13. The apparatus of claim 12 further comprising:
means for measuring the telephone line battery voltage prior to measuring the voltage on those telephone lines powered by said battery and for coupling said measurement to said computer; and
wherein said computer further comprises means for applying a battery voltage correction factor to each telephone line voltage reading to correct said reading for the result of any differences of said battery voltage from its nominal voltage.
14. The apparatus of claim 13 wherein said means for measuring comprises an additional multiplexer input coupled to said telephone line battery output.
15. The apparatus of claim 14 wherein said means for measuring comprises a switch for coupling either the multiplexer output or the battery voltage to said analog to digital converter and means for operating said switch once for each reading of the electrical signal on the selected pair of telephone lines.
This inventive method and apparatus is used for the remote sensing of digitally encoded data through voice-grade telephone lines, and more specifically describes a central computer and associated circuits connected to user sites by telephone lines to detect switch closures at the remote sites.
Equipment at a central location capable of automatically sensing digitally encoded information at a plurality of remote sites would be valuable to the utility companies and others who have a requirement for periodically updating numerical data from remote sites. The present practice at the utility companies is to have meter readers visit each building every month to record the information. At the central office these records are transcribed into machine readable form and entered into a computer.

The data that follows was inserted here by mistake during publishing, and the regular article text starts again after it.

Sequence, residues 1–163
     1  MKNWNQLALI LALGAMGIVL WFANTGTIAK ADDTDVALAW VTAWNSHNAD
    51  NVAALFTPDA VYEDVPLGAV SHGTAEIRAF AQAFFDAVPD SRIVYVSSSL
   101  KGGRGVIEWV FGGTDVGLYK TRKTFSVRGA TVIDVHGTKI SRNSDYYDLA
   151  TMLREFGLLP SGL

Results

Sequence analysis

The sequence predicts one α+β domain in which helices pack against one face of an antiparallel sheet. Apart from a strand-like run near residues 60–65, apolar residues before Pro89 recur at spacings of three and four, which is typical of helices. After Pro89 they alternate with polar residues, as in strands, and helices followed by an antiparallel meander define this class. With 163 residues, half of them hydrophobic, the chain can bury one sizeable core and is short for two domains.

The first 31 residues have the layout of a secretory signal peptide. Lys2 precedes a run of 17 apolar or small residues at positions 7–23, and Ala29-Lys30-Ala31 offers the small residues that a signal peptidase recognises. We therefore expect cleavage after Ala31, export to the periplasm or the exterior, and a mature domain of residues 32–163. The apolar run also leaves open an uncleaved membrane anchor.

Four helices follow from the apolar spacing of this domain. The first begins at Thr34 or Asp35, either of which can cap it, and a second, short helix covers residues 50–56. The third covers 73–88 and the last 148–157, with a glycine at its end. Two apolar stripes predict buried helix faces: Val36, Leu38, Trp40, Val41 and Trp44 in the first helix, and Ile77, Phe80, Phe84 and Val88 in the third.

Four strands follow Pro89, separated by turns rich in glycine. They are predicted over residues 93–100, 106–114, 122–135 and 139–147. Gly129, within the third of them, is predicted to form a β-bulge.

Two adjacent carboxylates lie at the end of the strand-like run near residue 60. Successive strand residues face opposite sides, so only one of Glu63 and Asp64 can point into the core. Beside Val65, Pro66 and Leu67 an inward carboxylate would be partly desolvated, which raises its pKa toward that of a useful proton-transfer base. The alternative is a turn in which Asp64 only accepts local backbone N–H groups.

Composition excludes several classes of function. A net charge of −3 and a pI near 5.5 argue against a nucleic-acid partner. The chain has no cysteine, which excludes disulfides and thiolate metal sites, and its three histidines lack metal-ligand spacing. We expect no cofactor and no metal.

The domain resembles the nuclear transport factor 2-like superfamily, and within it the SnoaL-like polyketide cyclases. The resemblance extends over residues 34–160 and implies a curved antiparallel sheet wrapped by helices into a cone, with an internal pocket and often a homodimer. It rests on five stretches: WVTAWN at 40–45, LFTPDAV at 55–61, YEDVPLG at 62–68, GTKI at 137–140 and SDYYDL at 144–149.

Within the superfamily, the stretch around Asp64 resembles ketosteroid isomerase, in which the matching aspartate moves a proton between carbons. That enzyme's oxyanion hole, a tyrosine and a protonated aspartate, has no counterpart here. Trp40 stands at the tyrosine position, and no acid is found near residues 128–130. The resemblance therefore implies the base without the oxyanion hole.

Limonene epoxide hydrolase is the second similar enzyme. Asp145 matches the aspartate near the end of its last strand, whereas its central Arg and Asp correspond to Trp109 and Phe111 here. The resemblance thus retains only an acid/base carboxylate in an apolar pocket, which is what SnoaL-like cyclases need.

An improved method requires digital encoding apparatus at the users site and a recording instrument, usually comprising a tape recorder, carried by the meter reader. When the portable recording apparatus is coupled to the encoding apparatus at the users site, the customer ID number and the current meter reading is automatically recorded on magnetic tape in machine readable form. Using this method, the transcription step from paper copy to machine readable form at the central location is avoided, but the meter reader still must visit each user's site.
The problem is compounded when the data required is to be updated daily or hourly. This would be necessary, for instance, in a large factory where power usage (water usage, etc.) is to be monitored for the purpose of conserving energy or avoiding high peak usage at specific times of the day. In this example, an automatic system would be advantageous since it would avoid the requirement of meter reading personnel and also allow real time control of the power (water) through the use of the computerized reading apparatus to generate usage commands to control the utility being measured. Of course, dedicated phone lines or hard wiring of any kind to the central location will accomplish the function, but at high cost. A method of accomplishing the reading of this digital data through the use of telephone lines already installed without interruption of the telephone service would accomplish the result at low cost.
An improved method and apparatus for using phone lines to monitor remote switches is described in U.S. Pat. No. 3,922,490, Alarm and Utility Meter Reading System Employing Telephone Lines, by Charles D. Pettis, and is incorporated herein by reference. This patent describes apparatus comprising a series of resistances in parallel or series with the telephone at the users location and a set of switches, each of which, when closed, shorts out one resistor. With the use of a particular set of resistance values, sensors at the central location can determine which switches are closed. By attaching each switch to a dial (usually the least significant) of any utility monitoring device, by initializing the central computer meter data, and by using each sensed switch closure to update the data, an automatic system can be implemented.
This system may be usable over short distances. For example, the electricity usage in one building may be accurately monitored. However, noise problems become apparent at longer distances. For instance, the noise generated on telephone lines connecting residential houses over several square miles exceeds the signal value by a factor of five or more. Since the telephone equipment cannot be modified a method of reading small digital signals in a high ambient noise background is required.